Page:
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To Polish people living in the UK - how much your English improved?


neilo 3 | 6  
15 Aug 2007 /  #1
Hey,

I was just wondering to anyone who may have come to work in the Uk, what level was yuor english at and do you think it has improved, if so how and how long did it take before you feel comfortable?

The reason I ask this question is my girlfriend is here now and she is learning well but is lucky to be having lessons, her teacher mentioned he knows some polish people who have been here for 4 years and still have only a basic understanding.
slwkk 2 | 228  
15 Aug 2007 /  #2
her teacher mentioned he knows some polish people who have been here for 4 years and still have only a basic understanding.

Nothing new, many Poles work with another Poles, Ukrainian, Romanian etc.. so how can they improve their English? Especially when they work long hours.....
Michal - | 1,865  
15 Aug 2007 /  #3
Before my wife moved to England she told me she had an aunt on her mothers side of the family, who lived near Aylesbury and I gave her a call. She had been here since the war. I gave her a call and the first thing I asked her in English was "do you speak English?" and she replied "nie, nie bardzo duzo", she had been living here for only fifty years!
PolskaDoll 28 | 2,104  
15 Aug 2007 /  #4
One woman I know is returning to Poland next week for good...its fair to say her English may have got worse in the time she's been here.

how can they improve their English? Especially when they work long hours.....

This is true...a lot of my Polish friends are working long, hard hours. One girl can only manage to go to college 4 days a week because she works long hours the other 3 and her husband works his knackers off as well.
_Sofi_  
15 Aug 2007 /  #5
One woman I know is returning to Poland next week for good...its fair to say her English may have got worse in the time she's been here.

hahah many Eastern Euopean workers at my job are more learning the Scottish dialect than the Queen's english...

This is true...a lot of my Polish friends are working long, hard hours. One girl can only manage to go to college 4 days a week because she works long hours the other 3 and her husband works his knackers off as well.

That is a shame... guy I know is taking as many hours as he can get too... he always looks so tired, I'm shocked he can even be bothered speaking the English that he does know...
osiol 55 | 3,922  
15 Aug 2007 /  #6
so how can they improve their English? Especially when they work long hours

By working with English-speakers and using English in the workplace might help.
If any of my Polish colleagues are interested in learning English, I do try to help.
The result? I learn a bit of Polish and they are given the opportunity by me to learn a bit of English.

One colleague I've worked with for about five months has improved a huge amount in that time. He does two jobs, but he is young (and therefore quite malleable) and very keen to learn.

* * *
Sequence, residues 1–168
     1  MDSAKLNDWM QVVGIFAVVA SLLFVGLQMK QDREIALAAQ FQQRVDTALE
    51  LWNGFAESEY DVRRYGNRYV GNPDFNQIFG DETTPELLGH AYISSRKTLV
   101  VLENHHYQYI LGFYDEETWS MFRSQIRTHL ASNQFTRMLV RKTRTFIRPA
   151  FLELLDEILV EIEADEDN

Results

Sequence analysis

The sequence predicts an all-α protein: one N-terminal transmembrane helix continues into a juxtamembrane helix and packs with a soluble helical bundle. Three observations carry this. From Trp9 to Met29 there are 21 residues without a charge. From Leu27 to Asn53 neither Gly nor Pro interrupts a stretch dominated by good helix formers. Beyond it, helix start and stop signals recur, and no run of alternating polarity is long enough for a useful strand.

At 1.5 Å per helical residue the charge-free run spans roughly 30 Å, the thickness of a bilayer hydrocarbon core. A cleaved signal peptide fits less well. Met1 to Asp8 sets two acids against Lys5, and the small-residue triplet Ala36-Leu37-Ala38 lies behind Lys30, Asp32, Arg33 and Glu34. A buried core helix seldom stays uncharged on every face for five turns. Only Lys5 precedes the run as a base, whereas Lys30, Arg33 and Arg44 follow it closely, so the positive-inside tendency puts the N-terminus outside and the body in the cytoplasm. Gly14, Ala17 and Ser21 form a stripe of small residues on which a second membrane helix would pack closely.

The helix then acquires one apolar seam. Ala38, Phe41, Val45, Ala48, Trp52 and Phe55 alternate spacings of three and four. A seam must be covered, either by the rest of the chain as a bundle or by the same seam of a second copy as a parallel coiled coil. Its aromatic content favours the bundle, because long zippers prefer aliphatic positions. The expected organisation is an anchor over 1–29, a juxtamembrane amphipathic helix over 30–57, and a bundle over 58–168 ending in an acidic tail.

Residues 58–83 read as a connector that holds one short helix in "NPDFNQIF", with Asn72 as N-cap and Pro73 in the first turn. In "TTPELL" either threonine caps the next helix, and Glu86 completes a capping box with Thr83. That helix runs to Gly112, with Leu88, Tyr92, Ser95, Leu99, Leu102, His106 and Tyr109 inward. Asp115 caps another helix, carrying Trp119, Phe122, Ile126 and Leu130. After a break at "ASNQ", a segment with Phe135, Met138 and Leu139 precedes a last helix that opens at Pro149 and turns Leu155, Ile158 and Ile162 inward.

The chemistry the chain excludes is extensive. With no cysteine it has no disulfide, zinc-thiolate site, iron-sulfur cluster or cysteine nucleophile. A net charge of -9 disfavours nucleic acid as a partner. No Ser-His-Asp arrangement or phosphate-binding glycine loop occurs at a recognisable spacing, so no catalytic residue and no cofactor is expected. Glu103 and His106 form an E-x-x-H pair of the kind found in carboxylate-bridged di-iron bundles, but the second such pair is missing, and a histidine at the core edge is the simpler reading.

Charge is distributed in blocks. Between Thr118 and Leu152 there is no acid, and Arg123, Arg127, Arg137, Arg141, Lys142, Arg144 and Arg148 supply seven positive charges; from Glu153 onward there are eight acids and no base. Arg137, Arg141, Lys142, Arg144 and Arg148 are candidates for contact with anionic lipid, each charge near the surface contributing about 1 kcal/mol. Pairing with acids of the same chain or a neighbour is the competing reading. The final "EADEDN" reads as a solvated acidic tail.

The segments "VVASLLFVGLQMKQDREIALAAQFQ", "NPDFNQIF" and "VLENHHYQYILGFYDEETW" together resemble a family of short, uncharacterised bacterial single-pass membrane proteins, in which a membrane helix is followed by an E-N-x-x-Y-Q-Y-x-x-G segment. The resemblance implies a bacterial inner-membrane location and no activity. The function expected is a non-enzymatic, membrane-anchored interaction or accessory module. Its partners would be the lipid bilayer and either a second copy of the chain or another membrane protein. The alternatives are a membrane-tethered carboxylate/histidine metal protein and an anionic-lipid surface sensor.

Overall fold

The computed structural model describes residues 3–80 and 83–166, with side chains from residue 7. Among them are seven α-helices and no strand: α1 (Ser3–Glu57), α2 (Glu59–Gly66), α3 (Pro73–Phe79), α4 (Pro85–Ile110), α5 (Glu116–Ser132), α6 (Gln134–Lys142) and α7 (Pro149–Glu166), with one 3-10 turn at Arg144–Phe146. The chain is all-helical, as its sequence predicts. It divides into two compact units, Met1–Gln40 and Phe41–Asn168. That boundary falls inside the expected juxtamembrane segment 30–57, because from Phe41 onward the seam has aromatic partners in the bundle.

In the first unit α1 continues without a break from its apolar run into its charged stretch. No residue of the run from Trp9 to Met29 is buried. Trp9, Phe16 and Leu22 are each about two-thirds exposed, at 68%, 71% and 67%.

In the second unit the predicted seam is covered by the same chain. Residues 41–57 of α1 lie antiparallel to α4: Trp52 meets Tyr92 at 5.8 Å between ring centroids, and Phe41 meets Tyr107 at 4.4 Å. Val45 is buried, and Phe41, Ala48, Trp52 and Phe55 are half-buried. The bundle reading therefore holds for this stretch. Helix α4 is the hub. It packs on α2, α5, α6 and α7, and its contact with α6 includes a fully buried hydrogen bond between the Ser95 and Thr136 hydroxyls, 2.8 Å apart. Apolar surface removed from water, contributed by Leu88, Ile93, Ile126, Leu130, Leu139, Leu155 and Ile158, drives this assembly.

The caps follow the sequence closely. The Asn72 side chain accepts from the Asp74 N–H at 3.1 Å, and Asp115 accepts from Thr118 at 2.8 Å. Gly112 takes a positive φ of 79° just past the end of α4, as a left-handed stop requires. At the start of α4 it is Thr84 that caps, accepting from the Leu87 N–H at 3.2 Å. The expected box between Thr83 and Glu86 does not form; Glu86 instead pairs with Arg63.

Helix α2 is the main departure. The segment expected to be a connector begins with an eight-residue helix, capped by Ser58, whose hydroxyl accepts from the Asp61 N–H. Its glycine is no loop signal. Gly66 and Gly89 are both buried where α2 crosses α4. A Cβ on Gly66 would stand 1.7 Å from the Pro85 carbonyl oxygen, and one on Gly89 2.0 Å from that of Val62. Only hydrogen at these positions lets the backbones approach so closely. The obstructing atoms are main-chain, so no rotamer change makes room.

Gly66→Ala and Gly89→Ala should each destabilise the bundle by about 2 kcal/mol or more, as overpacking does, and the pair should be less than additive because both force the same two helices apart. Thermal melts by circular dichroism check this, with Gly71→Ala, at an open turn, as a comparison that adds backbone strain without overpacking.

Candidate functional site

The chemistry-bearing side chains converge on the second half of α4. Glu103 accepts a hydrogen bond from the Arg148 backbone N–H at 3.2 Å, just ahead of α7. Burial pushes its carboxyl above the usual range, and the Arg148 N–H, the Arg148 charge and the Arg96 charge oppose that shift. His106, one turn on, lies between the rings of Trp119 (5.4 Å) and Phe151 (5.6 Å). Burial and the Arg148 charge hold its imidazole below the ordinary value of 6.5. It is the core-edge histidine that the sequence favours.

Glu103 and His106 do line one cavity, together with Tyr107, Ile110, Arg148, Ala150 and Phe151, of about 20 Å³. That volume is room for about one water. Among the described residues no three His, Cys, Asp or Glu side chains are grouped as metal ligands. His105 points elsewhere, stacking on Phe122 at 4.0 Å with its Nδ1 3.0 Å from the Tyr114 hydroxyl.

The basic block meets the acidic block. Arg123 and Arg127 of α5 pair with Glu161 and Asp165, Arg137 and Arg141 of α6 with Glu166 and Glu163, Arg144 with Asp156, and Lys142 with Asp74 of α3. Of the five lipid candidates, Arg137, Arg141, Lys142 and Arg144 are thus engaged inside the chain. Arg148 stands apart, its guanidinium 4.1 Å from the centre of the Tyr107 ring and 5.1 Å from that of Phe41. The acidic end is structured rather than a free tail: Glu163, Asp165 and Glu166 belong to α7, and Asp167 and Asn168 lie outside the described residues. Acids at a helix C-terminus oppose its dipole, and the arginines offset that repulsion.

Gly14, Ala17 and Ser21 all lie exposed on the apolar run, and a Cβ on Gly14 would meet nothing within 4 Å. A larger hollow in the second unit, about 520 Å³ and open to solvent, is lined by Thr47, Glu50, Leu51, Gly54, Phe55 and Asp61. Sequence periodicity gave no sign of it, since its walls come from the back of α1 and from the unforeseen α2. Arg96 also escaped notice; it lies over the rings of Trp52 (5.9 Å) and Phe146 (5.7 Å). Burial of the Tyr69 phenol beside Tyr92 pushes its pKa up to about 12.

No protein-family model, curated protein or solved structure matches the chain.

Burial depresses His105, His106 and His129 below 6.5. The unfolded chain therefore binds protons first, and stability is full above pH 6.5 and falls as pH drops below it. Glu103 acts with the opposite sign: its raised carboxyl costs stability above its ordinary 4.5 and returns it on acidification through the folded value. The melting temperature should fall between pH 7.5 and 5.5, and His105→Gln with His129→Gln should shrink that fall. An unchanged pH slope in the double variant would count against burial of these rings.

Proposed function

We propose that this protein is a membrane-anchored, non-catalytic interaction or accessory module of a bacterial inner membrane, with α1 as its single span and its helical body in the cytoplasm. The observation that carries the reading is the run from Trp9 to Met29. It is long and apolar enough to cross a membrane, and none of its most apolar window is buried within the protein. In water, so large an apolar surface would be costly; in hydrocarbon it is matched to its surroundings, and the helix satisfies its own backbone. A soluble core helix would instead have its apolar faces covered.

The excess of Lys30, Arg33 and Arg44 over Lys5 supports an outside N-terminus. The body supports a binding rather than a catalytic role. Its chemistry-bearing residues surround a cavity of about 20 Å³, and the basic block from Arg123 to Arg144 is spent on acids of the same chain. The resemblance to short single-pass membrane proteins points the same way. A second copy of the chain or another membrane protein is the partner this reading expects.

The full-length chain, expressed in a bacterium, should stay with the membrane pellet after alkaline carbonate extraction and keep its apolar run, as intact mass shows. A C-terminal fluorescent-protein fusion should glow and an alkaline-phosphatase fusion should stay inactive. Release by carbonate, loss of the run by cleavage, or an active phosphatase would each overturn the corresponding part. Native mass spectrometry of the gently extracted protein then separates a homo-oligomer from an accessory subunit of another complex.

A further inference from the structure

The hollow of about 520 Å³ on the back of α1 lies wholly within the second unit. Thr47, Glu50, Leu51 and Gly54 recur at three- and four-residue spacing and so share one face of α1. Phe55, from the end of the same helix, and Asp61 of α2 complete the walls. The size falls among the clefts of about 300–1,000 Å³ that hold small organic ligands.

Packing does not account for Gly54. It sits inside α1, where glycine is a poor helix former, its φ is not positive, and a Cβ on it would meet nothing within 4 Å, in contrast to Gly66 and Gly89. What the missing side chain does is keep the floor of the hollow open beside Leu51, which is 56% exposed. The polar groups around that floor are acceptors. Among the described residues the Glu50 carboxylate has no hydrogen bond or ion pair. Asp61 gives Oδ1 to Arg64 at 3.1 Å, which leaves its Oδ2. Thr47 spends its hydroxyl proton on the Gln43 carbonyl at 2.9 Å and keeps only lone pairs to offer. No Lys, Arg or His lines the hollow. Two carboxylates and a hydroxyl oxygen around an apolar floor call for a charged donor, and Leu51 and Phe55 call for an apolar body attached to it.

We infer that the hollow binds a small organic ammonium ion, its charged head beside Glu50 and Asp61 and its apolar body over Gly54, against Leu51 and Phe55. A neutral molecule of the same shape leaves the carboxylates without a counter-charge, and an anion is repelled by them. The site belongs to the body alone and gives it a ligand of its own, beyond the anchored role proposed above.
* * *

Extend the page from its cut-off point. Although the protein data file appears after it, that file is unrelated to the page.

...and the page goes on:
Queen's english

One learns one's language from one's peers.
_Sofi_  
15 Aug 2007 /  #7
One learns one's language from one's peers.

how's the corgi's at the palace?
magda09 1 | 54  
15 Aug 2007 /  #8
i dont know about polish people living in uk, but my english improved in canada for sure!
slwkk 2 | 228  
15 Aug 2007 /  #9
By working with English-speakers and using English in the workplace might help.

yes, but many of them work with non-native English speakers.
PolskaDoll 28 | 2,104  
15 Aug 2007 /  #10
If any of my Polish colleagues are interested in learning English, I do try to help.

Yes I am the same but it's difficult.

I should say that most of the Polish people I know do actually make the effort to learn English and generally their English has improved :) As for my Polish, however...
osiol 55 | 3,922  
15 Aug 2007 /  #11
Your grammar, dear. The apostrophe!

Nice one, PD!
Your turn Sofi! Or can you tell me to what of the Corgi's were you referring?
PolskaDoll 28 | 2,104  
15 Aug 2007 /  #12
Amended!

Reading a 64 page document on another window....yawn...lol
Michal - | 1,865  
15 Aug 2007 /  #14
One girl can only manage to go to college 4 days a week because she works long hours the other 3 and her husband works his knackers off as well.

I did a TESOL course and had to give lessons in the evening to foreign students. Many Czechs used to come from their au-pair jobs. There were not many Poles here in 1999-2000 but one thing I noticed was that it was necessary to keep them apart. They were lonely and isolated in their jobs working in houses 'in the sticks' and came to college in the evening to these free lessons to have a good natter in their native language rather than to learn English! Obviously, we wanted and needed them to come and make up student numbers so we always had to be diplomatic.
osiol 55 | 3,922  
15 Aug 2007 /  #15
have a good natter in their native language

Many work together and need very little English, so some of them don't see the point in taking it any further.

On holiday in Poland, the last thing I want to meet is someone else who is English.

A former housemate of mine, from Poland, took this attitude. He didn't care too much about meeting other Poles. He was more interested in making a life for himself. His English seemed to improve by the day.
_Sofi_  
15 Aug 2007 /  #16
A former housemate of mine, from Poland, took this attitude. He didn't care too much about meeting other Poles. He was more interested in making a life for himself. His English seemed to improve by the day.

My mother's ex once randomly brought a woman up to our house. She was from Poland. He speaks Polish and was talking away to her, but because I took an interest in her, she practically ignored him to speak English with me. She really wanted to learn and seemed annoyed he was speaking to her in Polish. It was very interesting =)

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